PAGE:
As in his nine previous years at the head of the FBI, William Webster, retiring after four years as head of the CIA, took over a troubled institution, brought in a full measure of probity and steadiness and largely restored public and congressional confidence in a sensitive agency where the demands of government and individual liberty easily collide. Considering the history and the pitfalls, it is no small achievement to have run these two demanding agencies and to have emerged with reputation not simply intact but strengthened.
Judge Webster served at CIA in daunting conditions. He was the second choice of the appointing president, Ronald Reagan, and he soon would be working for a president, George Bush, who as himself a former director of central intelligence and who had at his elbow in the White House Robert Gates, a CIA veteran who had been Mr. Reagan's first choice for the job. But after the freewheeling William Casey, whom Judge Webster succeeded, the evident White House priority was to remove the CIA from public controversy and to focus it on its appropriate tasks. Mr. Bush, inheriting Judge Webster at CIA, kept him on--and by all accounts kept him clear of policy entanglements. There was plenty of the usual complaint about the quality of intelligence and blaming of the CIA for administration failures, the inevitable self-justifying leaks and counterleaks. An outsider, cannot know who was right in these half-hidden disputes that mark every administration. But the consensus, even among those who would have preferred a more aggressive director or who faulted him on this ground and that, was that he did an exceptionally straightforward, conscientious, honest job.
If these are not scandalous or turbulent times at the CIA, however, they have their own particular demands. The world is changing, and there is a heavy requirement on the CIA to provide timely, relevant and quality advice to American policy makers in post-Cold War circumstances where new forces, regions and players demand tough scrutiny. In addition, some legislators are now intent on getting Congress deeper into matters of the CIA's budget and policies in the future. The next director's job is going to be an especially difficult one. And the challenges will be very different from those that Judge Webster faced when he came to office.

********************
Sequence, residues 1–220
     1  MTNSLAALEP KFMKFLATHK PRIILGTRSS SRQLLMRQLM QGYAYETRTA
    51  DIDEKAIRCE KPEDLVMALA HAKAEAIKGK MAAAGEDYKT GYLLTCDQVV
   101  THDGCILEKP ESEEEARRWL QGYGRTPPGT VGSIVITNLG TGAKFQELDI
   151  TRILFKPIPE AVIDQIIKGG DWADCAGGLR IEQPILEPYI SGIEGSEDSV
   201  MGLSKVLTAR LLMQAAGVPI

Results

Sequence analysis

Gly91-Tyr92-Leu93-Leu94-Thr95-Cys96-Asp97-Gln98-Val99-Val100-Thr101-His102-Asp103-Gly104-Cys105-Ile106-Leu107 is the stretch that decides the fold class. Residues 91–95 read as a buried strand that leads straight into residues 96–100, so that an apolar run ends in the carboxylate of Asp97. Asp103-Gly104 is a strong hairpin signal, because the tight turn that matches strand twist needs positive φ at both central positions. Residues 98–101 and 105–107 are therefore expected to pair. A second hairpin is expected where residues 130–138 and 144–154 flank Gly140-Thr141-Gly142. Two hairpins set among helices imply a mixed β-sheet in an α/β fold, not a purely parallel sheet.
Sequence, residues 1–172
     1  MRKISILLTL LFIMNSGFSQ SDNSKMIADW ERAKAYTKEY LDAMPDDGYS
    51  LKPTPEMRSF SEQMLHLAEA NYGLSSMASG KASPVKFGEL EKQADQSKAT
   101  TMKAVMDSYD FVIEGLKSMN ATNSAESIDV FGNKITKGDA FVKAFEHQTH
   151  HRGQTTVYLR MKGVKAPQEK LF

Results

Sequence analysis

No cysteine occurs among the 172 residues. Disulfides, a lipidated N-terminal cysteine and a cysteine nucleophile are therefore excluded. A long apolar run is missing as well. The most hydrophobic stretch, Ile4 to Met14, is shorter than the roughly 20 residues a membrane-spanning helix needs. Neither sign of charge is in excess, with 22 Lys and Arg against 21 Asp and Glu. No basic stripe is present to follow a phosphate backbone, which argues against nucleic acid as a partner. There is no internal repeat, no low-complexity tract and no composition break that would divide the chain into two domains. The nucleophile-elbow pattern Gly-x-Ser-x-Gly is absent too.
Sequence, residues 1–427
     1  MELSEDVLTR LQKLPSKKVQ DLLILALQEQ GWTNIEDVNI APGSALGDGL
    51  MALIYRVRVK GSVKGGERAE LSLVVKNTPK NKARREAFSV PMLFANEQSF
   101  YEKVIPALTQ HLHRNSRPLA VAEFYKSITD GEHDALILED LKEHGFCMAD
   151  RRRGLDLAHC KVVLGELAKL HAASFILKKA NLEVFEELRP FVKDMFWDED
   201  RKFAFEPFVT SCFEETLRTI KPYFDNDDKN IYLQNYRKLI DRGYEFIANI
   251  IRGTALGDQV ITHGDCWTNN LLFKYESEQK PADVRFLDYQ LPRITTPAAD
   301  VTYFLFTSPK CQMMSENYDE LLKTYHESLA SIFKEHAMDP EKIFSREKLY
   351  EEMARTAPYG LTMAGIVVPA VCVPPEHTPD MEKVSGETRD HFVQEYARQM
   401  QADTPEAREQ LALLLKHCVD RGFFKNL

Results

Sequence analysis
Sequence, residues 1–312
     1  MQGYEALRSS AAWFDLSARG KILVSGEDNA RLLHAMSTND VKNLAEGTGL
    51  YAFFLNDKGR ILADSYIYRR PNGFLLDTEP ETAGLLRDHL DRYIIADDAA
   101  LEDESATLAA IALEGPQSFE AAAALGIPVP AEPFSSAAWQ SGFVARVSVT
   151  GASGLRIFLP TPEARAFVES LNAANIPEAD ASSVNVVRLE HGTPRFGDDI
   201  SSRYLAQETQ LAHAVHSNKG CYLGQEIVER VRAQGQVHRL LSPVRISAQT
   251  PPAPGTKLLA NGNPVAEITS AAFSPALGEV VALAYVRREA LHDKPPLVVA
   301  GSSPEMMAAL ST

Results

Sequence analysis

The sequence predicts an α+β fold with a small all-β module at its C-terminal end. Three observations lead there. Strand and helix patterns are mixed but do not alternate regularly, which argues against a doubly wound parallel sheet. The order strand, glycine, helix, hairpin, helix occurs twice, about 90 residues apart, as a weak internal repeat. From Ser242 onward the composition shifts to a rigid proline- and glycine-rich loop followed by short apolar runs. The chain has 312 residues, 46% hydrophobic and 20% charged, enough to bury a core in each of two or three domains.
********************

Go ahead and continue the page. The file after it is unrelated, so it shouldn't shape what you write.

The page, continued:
William Webster resigned yesterday, an unofficial casualty of the Persian Gulf war.
After the derring-do and double-talk of William Casey, Mr. Webster's discretion and candor as Director of Central Intelligence were a refreshing change. He reined in lawless covert operations and rebuilt trust on Capitol Hill. President Bush could use a successor with Mr. Webster's probity and judiciousness.
He pleased Congress, and annoyed the White House, by his willingness to give timely notice on covert operations and his refusal to shape his intelligence reports to the Administration's political needs. At the same time he was roundly if not always justly criticized for notable intelligence failures, including belated assessments of the Soviet economic collapse and Saddam Hussein's designs on Kuwait. Still, the C.I.A. did far better than others in anticipating developments.
Despite pressure to name his own man, Mr. Bush kept Mr. Webster on. The Director survived intermittent White House sniping until the gulf war eroded his support at both ends of Pennsylvania Avenue. He irritated the White House when, faithfully reflecting the intelligence community's assessment, he argued that economic sanctions were working. But just before Congress voted on the war he reversed himself, thus looking like a White House pawn and damaging his credibility in Congress.
Mr. Bush's hint that he might appoint Robert Gates, his deputy national security adviser, to head the C.I.A. alarms anyone familiar with the long battle for an accountable intelligence agency and unvarnished intelligence assessments. Ronald Reagan proposed Mr. Gates for the post four years ago but was forced to withdraw the nomination by a Senate troubled by Mr. Gates's evasive testimony about the Iran-contra scandal.
It was then that Mr. Reagan turned to Mr. Webster, who had already built a commendable record as F.B.I. Director, curbing agency abuses while effectively combating domestic racketeering and terrorism.
In choosing a replacement, President Bush would do well to keep Mr. Webster's qualifications in mind. Until the gulf war, he earned widespread respect by combining an outsider's perspective with an insider's know-how.